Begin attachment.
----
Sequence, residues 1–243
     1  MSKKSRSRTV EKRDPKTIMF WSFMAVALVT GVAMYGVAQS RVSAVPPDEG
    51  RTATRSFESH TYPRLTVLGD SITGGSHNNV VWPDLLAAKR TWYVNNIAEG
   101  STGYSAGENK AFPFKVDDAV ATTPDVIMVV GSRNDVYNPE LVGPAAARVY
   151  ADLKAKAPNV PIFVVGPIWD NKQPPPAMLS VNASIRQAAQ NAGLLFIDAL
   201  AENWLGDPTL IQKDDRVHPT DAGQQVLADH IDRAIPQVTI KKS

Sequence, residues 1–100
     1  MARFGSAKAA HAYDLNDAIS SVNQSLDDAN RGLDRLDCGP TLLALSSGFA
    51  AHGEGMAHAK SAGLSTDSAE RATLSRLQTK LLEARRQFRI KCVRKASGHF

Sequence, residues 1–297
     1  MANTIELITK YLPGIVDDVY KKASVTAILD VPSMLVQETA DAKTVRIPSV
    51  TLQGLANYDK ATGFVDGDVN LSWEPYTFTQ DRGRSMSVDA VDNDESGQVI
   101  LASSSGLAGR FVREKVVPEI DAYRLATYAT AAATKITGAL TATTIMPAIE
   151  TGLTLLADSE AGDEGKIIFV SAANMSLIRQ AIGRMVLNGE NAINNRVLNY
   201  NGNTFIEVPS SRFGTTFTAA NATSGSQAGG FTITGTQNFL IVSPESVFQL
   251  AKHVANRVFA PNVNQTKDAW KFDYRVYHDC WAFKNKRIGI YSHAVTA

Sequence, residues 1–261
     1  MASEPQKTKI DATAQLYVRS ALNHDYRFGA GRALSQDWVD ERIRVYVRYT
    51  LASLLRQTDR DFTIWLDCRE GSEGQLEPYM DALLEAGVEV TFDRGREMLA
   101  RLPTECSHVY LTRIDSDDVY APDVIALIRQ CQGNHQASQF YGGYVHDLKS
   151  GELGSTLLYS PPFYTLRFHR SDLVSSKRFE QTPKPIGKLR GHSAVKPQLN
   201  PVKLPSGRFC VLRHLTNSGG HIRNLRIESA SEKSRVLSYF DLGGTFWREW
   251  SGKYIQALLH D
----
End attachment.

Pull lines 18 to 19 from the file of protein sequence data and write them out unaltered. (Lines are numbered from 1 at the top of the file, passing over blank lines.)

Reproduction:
     1  MASEPQKTKI DATAQLYVRS ALNHDYRFGA GRALSQDWVD ERIRVYVRYT
    51  LASLLRQTDR DFTIWLDCRE GSEGQLEPYM DALLEAGVEV TFDRGREMLA